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Overview of Goa
 

Famous For

Mediterranean influences

Sunshine & beaches

Chrisitan Heritage

Unique cuisine

Laid-back lifestyle
 
 

When to go

October - March
 

Avoid

June, July, August (monsoon)
 

What not to miss in Goa

Anjuna’s Flea Market – the hub of Anjuna’s alternative scene. An amazing array of goods for sale, sold by an amazing array of people. Go just for the experience or haggle like mad if you are tempted to buy.

• Olive Ridley marine turtles at Temb. This species of turtle is now endangered by natural predators and human ones. Considered a delicacy, local villages collect the eggs for the local Mapusa market; other hatchlings meet their fate accidentally at the hands of the fishermen.

Pork Vindaloo, a fusion of Portuguese and Goan cuisine combining pork, palm vinegar, garlic, tamarind and local chillies cooked in coconut milk.

• Perreira – Biaganza / Menezes – Biaganza House regarded as the grandest of Goa’s colourful mansions. Reached by a journey across the fertile rice fields to the village of Chandor, you see it dominating the village square. Built in the 1500s and remaining within one family it contains a wealth of antiques. Turn up – approximately! – 10-12pm and 3-5pm and knock on the door.

• A side trip into the Western Ghats, in particular to view the Dudhsagar waterfalls, some of the highest in India. The name means literally, ‘Sea of Milk’. Access is by Jeep from Colem and the scenery is breathtaking. October – mid March is the best time to visit when water levels are at their highest.


 
 

Regions within Goa

  • Central Goa 
  • North Goa 
  • South Goa 
 

Goa is laid back, lively, and modern with a vibrant personality. This, the smallest state of India,  isolated by the Arabian Sea on its 67 mile coast and the mountain wall of the Western Ghats inland, was only fully absorbed by India in 1987, ending more than 450 years as a Portuguese colony.

Until the mid 20th century it was the well kept secret playground of Mumbai’s wealthy, when it was discovered first by the hippies then the package tour market.

The many beaches are quite idyllic and despite the local population of 1.5 m being doubled during the high season, it is still possible to find a serene hideaway well-away from mass tourism.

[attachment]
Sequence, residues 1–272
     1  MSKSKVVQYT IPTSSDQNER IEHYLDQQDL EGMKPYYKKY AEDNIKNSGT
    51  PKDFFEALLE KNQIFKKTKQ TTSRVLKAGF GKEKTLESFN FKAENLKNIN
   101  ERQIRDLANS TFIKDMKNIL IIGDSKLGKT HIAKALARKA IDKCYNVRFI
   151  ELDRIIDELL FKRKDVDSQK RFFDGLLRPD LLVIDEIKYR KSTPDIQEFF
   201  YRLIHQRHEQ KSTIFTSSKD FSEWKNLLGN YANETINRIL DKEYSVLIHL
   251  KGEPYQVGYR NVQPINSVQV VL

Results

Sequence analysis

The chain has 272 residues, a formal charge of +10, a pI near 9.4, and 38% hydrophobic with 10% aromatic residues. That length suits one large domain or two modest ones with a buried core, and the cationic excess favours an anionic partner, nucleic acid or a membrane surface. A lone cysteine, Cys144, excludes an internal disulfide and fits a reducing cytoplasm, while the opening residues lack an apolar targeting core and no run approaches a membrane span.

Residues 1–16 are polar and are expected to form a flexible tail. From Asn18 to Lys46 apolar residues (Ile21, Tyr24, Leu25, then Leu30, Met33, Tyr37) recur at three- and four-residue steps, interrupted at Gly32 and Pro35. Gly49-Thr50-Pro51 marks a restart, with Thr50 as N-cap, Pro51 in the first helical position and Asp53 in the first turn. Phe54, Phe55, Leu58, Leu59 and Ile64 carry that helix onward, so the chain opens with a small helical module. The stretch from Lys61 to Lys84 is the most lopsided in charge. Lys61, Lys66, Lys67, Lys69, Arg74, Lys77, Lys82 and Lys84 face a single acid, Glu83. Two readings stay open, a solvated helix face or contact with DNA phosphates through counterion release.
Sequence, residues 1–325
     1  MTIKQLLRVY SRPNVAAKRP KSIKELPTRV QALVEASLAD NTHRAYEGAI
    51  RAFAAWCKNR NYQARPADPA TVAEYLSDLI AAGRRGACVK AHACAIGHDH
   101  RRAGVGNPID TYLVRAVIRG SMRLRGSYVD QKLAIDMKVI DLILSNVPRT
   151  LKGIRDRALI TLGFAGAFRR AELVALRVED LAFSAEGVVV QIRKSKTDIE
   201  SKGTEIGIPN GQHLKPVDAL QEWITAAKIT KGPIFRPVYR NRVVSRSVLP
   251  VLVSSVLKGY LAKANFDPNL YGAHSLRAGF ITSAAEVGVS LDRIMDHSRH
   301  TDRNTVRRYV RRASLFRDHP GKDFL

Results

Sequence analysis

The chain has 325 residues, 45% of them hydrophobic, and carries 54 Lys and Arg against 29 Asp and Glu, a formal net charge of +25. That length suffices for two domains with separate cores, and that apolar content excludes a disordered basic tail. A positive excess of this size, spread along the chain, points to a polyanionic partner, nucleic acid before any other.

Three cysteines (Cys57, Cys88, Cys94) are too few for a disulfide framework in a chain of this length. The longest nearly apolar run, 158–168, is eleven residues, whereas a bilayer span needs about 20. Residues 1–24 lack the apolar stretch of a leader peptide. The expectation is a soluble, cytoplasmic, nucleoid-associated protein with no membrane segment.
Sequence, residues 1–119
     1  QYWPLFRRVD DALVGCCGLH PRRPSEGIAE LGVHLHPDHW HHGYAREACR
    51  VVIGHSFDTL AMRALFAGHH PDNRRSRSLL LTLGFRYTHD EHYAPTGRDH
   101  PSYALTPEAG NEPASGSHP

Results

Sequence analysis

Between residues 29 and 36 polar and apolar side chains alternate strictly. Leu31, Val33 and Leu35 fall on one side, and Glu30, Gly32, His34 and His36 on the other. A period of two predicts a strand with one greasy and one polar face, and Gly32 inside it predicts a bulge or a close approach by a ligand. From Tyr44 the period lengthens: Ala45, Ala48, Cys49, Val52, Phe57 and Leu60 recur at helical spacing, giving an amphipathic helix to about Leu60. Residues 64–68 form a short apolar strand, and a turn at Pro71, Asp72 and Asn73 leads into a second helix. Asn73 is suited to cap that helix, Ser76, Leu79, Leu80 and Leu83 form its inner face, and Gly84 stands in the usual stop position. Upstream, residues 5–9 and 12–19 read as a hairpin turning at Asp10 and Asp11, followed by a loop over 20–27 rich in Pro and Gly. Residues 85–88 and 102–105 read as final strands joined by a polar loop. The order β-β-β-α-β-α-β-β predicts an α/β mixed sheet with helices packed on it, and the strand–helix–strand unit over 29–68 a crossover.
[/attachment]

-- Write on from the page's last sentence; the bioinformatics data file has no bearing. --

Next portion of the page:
The European heritage is obvious everywhere: in language, architecture, religion and food, all of which blend Mediterranean influences with Asian.  Towns feature narrow streets with red tiled roofs; catholic churches fill with Christians on a Sunday; traditional music with guitars is strangely reminiscent of fado; and vinegar – unknown in the rest of India – is an important ingredient in many Goan recipes.  Silolim House, has been lovingly and painstakingly restored by its owners keen to preserve this magnificent Portuguese mansion.

Goan geography is small scale and with good public transport - ferry, train, bus and motorcycle taxi - it is easy to cover a lot of ground. It is possible to visit the northern region with its old hippy / rave reputation, Panaji (Goa’s new capital). Old Goa and the lesser known but more sophisticated South.

The Christian heritage is seen predominantly in Old Goa where the sonorous tones of the Golden Bell of Se Cathedral are heard 3 times a day, and the sprawl of churches and convents draw crowds of Christian pilgrims from all over India. Panjini became the capital in 1843 after Old Goa’s port has silted up, but grew only slowly until the 1960s, and its uncongested sheets have escaped the bustling atmosphere of many Indian cities

In the past the reputation of Goa’s beaches has been somewhat tainted by reports of immodest behaviour and the use of drugs. However, modern policing and government policies have curtailed the wild behaviour, and now there are some calm, relaxed beaches to be found.

The finest beaches are in South Goa: sparkling white sand protected by bands of coconut plantations.

The spectacular scenery of the far south is set in layers. The beautiful jungle overlooks the Sahyadri Hills, which faces the strings of white sandy coves, which are littered with colossal piles of black boulders.

Newer and more sophisticated hotels and guest houses have been established like the delighful Vivenda dos Palhacos. Sea swimming here is safer than in the north, malaria and pollution are managed better and building restriction prevents construction on the beach.

This hedonistic picture is in sharp contrast to the wonderful natural beauty of the mountainous interior. If you long to escape the relentless sun for a day or two – head for the hills, where deciduous and tropical rainforests, grasslands and scrub offer a rich collection of flora and fauna. Rare species of bats, 1800 species of plants, 330 species of butterflies and more species of frogs than you can imagine provide a paradise for nature lovers.

To discuss a bespoke holiday itinerary to include Goa, please email our consultants.

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